Alice Firenze, the dream of any playwright, dramaturgically speaking, gave real life to her Helena. Here we are also talking about a dancer with an extremely strong sense of “projection” into the audience. Her characters do not remain “in her head and concept” but explode throughout the audience. She sort of “knocks you out”. A gifted dancer!
Special mention to her partner, wonderfully talented, musical, quick footed and beautifully lined, Dumitru Taran as Demetrius. Such a clean, formed performance.
One begins to wonder why this dancer is not more often seen in leading roles. Defined lines, clean technique and looks, strong as a partner and dramatically fit to play any role. Just another thought.
Gabor Oberegger nearly stole the show (again) as Nick Bottom. A beautiful, well founded performance – one coming from a dancer with experience and stage maturity. Again just one word: joy!
And, of course, we cannot leave unmentioned Igor Milo's (unrecognizable) portray of Egeus. Pure Art!
Puck, in fact the “narrator”, the "Conférencier" , the "Emcee" (Master of Ceremonies) of the play, was once more vibrantly played by Mr. Sosnovschi, in a role that is custom-tailored for him. Volksoper’s audiences seem to love him. Even though Puck is considered the “main role” of “Dream”, I tend to think of it as an ensemble piece in which every chess piece plays a distinctive and irreplaceable role – from the corps de ballet to the soloists and singers and musicians.
An “asset” for Puck is definitely the fact that he is surrounded by children, beautifully and professionally coached by ex-dancer Rafaella Sant’Anna, who has been doing a great job with these “young ones”. I am not a big fan of children on stage but one should never underestimate how difficult it can be sometimes to work with children in that young age, how much psychology, care and patience are needed therefore. “attitude” respectfully congratulates Miss Sant’Anna’s work and talent for such an achievement.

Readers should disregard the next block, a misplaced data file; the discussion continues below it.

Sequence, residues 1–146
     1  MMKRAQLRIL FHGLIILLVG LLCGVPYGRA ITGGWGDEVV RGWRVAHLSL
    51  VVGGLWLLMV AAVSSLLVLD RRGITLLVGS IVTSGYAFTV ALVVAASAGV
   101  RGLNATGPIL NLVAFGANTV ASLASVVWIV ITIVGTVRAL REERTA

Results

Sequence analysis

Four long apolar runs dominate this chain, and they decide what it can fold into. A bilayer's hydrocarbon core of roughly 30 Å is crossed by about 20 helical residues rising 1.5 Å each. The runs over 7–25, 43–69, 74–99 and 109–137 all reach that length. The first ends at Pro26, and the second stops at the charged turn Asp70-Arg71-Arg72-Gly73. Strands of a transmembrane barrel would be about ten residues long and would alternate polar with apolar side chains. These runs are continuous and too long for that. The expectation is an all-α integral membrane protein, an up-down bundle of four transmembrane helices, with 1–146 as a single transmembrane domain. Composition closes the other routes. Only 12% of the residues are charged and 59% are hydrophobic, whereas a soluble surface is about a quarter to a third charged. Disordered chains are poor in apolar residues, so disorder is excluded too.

Singers Anita Götz and Manuela Leonhartsberger excelled in their solos and voices – very suitable for this piece - as well as Vesna Stankovič with her violin solo. Andreas Schüller’s conducting was somehow a bit “too quick” for my sense of timing in emphasizing Mendelssohn Bartholdy’s precious work.
But before leaving you, I would like to tell you a story that I have just remembered while interviewing Mr. Elo:
I heard it on the radio a while ago in a programme called “Pasticcio” and there was the talk about the music from Mendelssohn Bartholdy and how it was forbidden in Germany and Austria during the so-called “regime” from 1938 to 1945.
A concert pianist in Vienna (her name skips me completely), the mother of an Austrian Bankier in the district of “Hietzing”, asked her maids to open all windows of her Villa on the day that the Allies marched into Vienna. There was no danger anymore in the air.
And then she sat down and played Mendelssohn Bartholdy on her grand piano.
I could not stop thinking about that during yesterday’s performance – and the freedom that Mr. Elo displays in his unique Ballet-language. Such a pleasure!
Coincidence? They say that coincidences do not exist…